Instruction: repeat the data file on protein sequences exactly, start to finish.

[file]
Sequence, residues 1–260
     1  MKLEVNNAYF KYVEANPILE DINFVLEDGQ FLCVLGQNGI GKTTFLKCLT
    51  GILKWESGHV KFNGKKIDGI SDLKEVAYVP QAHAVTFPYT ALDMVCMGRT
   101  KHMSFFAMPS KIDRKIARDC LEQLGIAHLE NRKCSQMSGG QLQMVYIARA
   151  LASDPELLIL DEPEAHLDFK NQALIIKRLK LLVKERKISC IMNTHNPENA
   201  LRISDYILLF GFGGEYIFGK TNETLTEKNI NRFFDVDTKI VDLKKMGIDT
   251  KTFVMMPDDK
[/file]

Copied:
Sequence, residues 1–260
     1  MKLEVNNAYF KYVEANPILE DINFVLEDGQ FLCVLGQNGI GKTTFLKCLT
    51  GILKWESGHV KFNGKKIDGI SDLKEVAYVP QAHAVTFPYT ALDMVCMGRT
   101  KHMSFFAMPS KIDRKIARDC LEQLGIAHLE NRKCSQMSGG QLQMVYIARA
   151  LASDPELLIL DEPEAHLDFK NQALIIKRLK LLVKERKISC IMNTHNPENA
   201  LRISDYILLF GFGGEYIFGK TNETLTEKNI NRFFDVDTKI VDLKKMGIDT
   251  KTFVMMPDDK